First Alien Object To Visit Solar System Is Protected By Strange Shield

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First Alien Object To Visit Solar System Is Protected By Strange Shield Asteroid webNASA

The first ever alien object to visit our solar system is covered by a ‘strange shield’, scientists have revealed.

Oumuamua, which flew past Earth in October, has been fascinating scientists since it arrived in our solar system – but it’s hidden by a ‘layer of organic insulation’.

The ‘alien rock’ was the first ever known visitor to our solar system, which travelled here from another star, writes The Independent.

The asteroid’s name ‘Oumuamua’ means a messenger from afar arriving first in Hawaiian. It was spotted by a telescope in Hawaii on 18 October and was then seen 34 separate times in the week after.

While it’ s probably an icy body as expected, it appears to be wrapped in an organic coat, shielding the frozen water inside from being hit by the sun, according to the new research.

Alan Fitzsimmons from Queen’s University Belfast and the lead author of one of two major new studies into Oumuamua said:

In the end this was a nice result because we’ve expected all along that the majority of objects that would visit our solar system, would be icy in nature.

First Alien Object To Visit Solar System Is Protected By Strange Shield WEBTHUMBNEW NASA 3NASA

Thomas Zurbuchen, associate administrator for NASA’s Science Mission Directorate in Washington, said:

For decades we’ve theorised that such interstellar objects are out there and now – for the first time – we have direct evidence they exist.

This history-making discovery is opening a new window to study formation of solar systems beyond our own.

Still very little is known about what Oumuamua actually is, or even where it came from, and what it’s made of.

Scientists were only able to see the alien rock briefly before it passed through the other side of our solar system, which mean any kind of detailed work was limited.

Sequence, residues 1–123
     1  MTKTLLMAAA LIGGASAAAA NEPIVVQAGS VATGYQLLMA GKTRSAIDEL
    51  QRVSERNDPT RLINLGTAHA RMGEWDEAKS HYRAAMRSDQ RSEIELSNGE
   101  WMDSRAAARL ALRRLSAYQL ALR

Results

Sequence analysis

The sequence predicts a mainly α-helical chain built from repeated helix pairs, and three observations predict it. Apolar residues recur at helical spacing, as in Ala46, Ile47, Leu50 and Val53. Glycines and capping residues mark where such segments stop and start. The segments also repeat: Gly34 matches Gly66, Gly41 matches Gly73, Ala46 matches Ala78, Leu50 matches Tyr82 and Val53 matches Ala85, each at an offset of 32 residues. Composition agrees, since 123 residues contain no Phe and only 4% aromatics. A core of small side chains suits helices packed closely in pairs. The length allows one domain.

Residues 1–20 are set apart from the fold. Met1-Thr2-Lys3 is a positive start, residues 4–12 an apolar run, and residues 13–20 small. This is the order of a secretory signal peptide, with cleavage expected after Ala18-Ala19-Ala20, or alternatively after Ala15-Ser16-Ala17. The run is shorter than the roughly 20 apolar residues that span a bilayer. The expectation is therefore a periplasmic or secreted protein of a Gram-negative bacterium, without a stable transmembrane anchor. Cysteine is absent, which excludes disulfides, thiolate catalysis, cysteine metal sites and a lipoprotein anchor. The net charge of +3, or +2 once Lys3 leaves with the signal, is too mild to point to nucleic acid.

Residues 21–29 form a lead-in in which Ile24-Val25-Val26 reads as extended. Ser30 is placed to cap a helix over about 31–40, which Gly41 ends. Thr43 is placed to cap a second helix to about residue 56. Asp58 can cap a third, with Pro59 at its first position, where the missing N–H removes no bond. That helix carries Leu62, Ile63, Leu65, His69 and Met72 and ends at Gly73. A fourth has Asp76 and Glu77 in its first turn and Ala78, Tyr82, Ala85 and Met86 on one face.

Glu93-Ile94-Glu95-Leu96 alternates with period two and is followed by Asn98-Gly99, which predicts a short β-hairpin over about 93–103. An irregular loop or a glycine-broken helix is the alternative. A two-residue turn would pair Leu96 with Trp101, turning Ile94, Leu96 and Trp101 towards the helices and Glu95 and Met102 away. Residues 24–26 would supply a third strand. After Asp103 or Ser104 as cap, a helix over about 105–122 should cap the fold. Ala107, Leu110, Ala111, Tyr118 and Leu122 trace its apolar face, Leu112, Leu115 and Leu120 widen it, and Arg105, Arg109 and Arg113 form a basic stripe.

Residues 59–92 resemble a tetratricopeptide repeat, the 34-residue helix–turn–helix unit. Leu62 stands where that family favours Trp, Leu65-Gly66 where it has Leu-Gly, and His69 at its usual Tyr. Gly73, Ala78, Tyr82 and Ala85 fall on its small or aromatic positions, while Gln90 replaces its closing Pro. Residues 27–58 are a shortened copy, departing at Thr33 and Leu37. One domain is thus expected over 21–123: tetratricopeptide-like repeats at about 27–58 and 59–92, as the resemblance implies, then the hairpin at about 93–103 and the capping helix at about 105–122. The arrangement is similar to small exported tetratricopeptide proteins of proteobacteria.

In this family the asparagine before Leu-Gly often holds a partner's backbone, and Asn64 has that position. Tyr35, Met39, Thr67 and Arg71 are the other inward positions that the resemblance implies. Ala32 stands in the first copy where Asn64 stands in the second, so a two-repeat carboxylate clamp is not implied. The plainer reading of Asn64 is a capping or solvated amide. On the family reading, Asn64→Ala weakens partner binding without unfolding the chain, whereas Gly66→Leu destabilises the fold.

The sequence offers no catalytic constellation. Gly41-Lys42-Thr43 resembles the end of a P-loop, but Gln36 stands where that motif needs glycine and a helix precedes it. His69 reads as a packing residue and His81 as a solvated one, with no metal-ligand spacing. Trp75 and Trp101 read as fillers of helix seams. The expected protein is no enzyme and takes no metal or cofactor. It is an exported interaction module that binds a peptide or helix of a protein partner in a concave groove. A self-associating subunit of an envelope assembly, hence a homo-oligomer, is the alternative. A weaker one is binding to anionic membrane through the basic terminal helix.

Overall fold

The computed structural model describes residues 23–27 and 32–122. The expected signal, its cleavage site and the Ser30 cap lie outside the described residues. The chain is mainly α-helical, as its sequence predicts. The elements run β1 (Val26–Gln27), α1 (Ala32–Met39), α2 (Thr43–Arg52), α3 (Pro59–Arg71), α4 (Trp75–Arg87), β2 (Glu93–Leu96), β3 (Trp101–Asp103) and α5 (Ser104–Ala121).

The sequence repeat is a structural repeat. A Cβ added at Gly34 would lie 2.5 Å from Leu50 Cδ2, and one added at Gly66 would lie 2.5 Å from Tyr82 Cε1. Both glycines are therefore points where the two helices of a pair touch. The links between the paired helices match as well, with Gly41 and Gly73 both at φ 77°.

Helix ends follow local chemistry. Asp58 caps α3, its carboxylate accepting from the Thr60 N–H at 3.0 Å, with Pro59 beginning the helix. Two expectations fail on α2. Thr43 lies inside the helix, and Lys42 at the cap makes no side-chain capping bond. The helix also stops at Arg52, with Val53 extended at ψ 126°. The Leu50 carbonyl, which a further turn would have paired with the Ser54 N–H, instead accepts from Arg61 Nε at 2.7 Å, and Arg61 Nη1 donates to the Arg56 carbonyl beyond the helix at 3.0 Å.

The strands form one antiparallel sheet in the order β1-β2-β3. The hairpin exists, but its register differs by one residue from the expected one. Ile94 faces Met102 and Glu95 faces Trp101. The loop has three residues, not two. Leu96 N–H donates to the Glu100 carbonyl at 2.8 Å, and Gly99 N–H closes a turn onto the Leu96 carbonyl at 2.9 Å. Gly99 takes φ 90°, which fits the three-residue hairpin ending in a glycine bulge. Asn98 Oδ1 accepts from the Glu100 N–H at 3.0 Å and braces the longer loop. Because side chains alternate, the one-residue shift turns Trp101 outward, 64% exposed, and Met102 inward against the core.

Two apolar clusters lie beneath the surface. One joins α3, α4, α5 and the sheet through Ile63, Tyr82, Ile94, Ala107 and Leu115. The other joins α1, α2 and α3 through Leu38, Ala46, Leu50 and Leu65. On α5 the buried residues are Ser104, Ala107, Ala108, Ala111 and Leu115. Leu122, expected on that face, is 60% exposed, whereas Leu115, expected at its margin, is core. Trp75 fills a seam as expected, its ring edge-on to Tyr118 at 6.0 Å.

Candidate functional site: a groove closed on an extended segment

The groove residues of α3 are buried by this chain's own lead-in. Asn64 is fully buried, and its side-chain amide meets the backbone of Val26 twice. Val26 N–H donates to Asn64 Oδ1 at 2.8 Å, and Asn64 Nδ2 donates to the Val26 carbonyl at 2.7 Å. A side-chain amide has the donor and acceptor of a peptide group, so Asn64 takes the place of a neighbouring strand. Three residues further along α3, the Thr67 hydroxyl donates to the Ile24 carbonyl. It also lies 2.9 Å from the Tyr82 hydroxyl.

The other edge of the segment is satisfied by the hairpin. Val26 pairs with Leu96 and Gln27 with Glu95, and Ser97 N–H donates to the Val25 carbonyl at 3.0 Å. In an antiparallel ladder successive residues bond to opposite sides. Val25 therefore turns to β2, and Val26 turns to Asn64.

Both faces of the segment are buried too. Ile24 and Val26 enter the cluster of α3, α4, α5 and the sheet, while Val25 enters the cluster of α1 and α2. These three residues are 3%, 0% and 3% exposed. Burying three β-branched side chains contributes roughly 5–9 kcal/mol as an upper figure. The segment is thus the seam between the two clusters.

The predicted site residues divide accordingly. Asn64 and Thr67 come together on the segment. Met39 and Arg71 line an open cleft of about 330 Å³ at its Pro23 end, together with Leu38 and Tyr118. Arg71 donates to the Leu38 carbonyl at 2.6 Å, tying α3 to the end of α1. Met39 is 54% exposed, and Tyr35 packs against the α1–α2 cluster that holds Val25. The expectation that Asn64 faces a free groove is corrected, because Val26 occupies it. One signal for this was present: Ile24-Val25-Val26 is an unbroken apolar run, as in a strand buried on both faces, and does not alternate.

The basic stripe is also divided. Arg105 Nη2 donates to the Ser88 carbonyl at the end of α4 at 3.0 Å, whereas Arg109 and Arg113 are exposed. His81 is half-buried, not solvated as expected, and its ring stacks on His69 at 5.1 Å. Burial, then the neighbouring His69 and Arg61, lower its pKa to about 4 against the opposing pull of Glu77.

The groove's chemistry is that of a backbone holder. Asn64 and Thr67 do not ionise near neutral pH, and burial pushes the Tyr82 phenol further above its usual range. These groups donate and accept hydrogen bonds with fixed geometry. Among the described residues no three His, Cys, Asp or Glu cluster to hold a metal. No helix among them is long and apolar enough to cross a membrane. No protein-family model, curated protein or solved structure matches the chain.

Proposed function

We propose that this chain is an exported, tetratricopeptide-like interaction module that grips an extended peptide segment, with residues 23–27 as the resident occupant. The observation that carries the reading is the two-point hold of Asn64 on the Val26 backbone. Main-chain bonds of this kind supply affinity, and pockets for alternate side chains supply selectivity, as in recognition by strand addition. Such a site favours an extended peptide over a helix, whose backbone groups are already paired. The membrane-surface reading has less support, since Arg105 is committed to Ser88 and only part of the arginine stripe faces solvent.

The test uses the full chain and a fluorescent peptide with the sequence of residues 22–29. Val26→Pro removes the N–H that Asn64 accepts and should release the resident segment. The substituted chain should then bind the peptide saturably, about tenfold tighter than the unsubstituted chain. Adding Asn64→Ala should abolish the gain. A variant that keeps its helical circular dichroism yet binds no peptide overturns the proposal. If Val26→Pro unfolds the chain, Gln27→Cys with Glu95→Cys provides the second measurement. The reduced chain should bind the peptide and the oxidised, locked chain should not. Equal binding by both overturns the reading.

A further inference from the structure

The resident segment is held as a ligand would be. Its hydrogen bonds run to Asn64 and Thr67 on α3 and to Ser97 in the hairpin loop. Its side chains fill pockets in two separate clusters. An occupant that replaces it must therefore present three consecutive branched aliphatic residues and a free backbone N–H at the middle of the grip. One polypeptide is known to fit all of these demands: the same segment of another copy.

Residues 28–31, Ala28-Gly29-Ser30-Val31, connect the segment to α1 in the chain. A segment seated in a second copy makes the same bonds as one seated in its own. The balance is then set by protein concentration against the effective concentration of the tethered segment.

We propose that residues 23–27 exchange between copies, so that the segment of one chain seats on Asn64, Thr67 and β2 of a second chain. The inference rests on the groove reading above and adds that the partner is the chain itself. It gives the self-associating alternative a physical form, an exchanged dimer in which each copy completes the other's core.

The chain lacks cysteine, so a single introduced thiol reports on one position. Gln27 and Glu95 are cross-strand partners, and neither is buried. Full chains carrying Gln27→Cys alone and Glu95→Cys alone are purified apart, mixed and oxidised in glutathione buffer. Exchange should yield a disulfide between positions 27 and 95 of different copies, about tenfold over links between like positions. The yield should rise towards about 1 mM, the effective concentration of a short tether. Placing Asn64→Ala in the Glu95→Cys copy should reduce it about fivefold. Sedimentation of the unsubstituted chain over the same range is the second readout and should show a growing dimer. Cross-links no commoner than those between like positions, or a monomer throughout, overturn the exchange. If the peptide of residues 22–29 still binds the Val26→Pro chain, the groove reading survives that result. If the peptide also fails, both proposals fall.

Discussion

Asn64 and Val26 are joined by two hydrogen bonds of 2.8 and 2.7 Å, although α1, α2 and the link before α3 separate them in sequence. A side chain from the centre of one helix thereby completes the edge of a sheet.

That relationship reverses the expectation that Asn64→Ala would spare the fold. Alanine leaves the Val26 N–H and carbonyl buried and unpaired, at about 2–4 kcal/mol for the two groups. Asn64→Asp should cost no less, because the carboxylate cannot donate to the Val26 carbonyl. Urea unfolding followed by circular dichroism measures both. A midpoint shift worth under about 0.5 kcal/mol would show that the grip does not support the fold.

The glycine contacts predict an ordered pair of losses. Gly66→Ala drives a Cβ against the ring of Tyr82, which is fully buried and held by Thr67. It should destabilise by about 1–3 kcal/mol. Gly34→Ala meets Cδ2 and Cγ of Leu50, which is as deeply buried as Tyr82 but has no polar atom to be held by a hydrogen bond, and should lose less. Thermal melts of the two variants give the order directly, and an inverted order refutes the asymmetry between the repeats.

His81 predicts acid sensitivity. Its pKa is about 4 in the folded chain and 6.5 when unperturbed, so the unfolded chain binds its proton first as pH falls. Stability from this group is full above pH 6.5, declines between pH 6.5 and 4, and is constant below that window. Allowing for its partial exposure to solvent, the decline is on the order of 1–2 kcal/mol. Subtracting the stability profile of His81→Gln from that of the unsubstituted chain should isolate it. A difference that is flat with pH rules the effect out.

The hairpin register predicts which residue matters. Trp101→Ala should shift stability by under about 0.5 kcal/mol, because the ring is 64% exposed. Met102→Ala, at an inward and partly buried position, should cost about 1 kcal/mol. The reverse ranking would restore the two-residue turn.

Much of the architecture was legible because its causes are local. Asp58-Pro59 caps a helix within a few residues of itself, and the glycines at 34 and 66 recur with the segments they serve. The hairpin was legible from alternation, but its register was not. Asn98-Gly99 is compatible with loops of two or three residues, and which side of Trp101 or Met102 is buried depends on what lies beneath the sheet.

First Alien Object To Visit Solar System Is Protected By Strange Shield HubbleNASA

Astronomer David Jewitt, of the University of California, Los Angeles, who led the observation team who reported on the characteristics said, according to PHYS:

I’m surprised by the elongated shape – nobody expected that.

Jewitt and his team observed the object for five nights in October, finding it to be about 100 ft by 100ft by 600 ft – the slightly red and pale pink hue are similar to asteroids from our own solar system.

Astronomer Jayadev Rajagopal said:

It’s exciting to point the Arizona telescope at such a tiny object which, for all we know, has been travelling through the vast emptiness of space for millions of years and then by luck, passes close enough for me to be able to see it that night!

First Alien Object To Visit Solar System Is Protected By Strange Shield WEBTHUMBNEW nasaNASA

On Thursday, NASA made a huge announcement about a discovery made in their Alien Hunting Project – a solar system exactly like our own, which is the first of its kind.

Two new planets found around the Kepler-90 star, which resembles our own sun, means the distant solar system has just as many planets as our own and could hold life.

​The space agency held a widely-anticipated press conference on Thursday at 6pm GMT to reveal the new discovery.

First Alien Object To Visit Solar System Is Protected By Strange Shield WEBTHUMBNEW NASA 3NASA

It was made by the Kepler telescope and people have been getting excited after NASA announced they were holding a press conference because they had some news, giving scarce details.

The announcement of the press conference on the NASA website read:

NASA hosts a media teleconference to announce the latest discovery made by its planet-hunting Kepler space telescope.

The discovery was made by researchers using machine learning from Google.

Machine learning is an approach to artificial intelligence, and demonstrates new ways of analysing Kepler data.

Since becoming an integral part of the process of discovering other planets similar to Earth, it’s shown they share many things in common ‘indicating each star might have its own planet’.

Fascinating stuff.